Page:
Tomato potato psyllid (TPP)

The Department of Primary Industries and Regional Development is working with the State’s horticulture industry to combat tomato potato psyllid (TPP), following a national decision that it is not technically feasible to be eradicated.

The damaging insect pest was detected in Western Australia for the first time in February 2017, prompting a national biosecurity response.  It has not previously been found in Australia.

TPP attacks a range of vegetable crops in the Solanaceae family including tomato, eggplant, capsicum, chilli, tamarillo and sweet potato.

A Quarantine Area Notice in Western Australia remains in place for the Perth metropolitan area and surrounds to help prevent the spread of the psyllid.

Spring surveillance boost to combat horticulture pest

Trapping for TPP will ramp up later this spring with the warmer weather conducive to increased insect activity.

WA commercial vegetable growers and backyard gardeners are asked to assist the survelliance program by hosting 'sticky traps' on their properties with host plant material.

The department has had great support from landholders in supporting TPP response activities since the pest was first detected in WA, with surveillance across more than 1600 properties and the deployment of more than 10 000 traps.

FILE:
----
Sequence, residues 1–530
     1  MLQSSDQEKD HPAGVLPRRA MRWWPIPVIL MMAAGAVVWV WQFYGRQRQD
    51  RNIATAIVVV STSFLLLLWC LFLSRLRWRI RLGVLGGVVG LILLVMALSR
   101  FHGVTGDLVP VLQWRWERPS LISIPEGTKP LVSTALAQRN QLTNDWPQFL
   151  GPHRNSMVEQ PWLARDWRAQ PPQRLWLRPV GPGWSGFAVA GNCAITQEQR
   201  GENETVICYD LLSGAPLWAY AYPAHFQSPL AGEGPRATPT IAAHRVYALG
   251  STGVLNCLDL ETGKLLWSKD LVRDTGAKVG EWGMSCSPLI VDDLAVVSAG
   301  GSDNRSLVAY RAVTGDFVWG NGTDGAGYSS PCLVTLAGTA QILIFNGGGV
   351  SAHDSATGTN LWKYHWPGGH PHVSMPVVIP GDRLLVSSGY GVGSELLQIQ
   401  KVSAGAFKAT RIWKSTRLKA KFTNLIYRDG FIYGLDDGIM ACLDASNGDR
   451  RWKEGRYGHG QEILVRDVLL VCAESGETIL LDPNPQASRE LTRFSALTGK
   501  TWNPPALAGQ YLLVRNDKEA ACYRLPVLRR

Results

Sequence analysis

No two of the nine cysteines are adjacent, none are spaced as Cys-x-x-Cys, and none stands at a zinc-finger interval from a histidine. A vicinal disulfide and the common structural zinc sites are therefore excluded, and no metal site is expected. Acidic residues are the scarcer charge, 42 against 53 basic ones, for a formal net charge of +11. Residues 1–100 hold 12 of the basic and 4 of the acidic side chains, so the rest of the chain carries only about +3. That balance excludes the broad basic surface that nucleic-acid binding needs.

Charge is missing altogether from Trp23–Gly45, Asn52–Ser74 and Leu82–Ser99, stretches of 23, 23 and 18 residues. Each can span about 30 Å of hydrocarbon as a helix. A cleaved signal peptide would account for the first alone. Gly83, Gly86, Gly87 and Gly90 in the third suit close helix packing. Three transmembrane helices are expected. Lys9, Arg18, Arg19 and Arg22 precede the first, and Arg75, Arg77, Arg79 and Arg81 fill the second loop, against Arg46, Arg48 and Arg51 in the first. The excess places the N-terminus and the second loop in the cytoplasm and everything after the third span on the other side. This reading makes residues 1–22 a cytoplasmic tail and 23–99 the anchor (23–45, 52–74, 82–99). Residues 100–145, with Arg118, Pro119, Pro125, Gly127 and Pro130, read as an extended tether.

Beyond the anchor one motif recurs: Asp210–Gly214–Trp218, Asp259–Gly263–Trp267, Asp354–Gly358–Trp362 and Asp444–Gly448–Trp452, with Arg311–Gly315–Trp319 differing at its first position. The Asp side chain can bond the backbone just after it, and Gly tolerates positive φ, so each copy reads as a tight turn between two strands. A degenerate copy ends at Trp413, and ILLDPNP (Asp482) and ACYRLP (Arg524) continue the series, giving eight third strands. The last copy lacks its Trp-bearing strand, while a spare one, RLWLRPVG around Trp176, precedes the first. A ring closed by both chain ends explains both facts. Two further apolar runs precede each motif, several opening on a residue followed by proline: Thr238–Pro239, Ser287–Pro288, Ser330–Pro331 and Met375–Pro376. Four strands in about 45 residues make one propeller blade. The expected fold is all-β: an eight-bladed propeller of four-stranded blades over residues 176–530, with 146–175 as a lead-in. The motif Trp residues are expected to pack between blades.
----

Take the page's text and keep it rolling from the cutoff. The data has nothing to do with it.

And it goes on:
National agreement on TPP management plan

National agreement has been reached on a management plan for the tomato potato psyllid (TPP) by federal and state governments, and the horticulture industry.

The Transition to Management Plan will improve the capacity of the horticulture sector to manage TPP, and build confidence around the status of the bacterium Candidatus Liberibacter solanacearum (CLso) associated with the psyllid.

Development of the Transition to Management Plan follows the National Management Group decision earlier this year that TPP is not technically feasible to eradicate, and efforts should focus on effective management.

The pysllid has had a significant impact on Western Australian growers, limiting interstate trade for a range of host or carrier plants and produce.

There have been no detections of CLso in Western Australia to date.

The plan outlines the following major activities:

  • targeted surveillance for TPP/CLso complex during Spring 2017 and Autumn 2018
  • scientific research to improve understanding of TPP, its biology and options for control.
  • management of TPP through the development of national and enterprise management plans
  • market access and trade.

Other states will also implement surveillance plans for the pest.

The department will lead research work including examining chemical control options, post-harvest disinfestation trials and assessing biological control options using predator species.


Page last updated: Wednesday, 13 September 2017 - 10:20am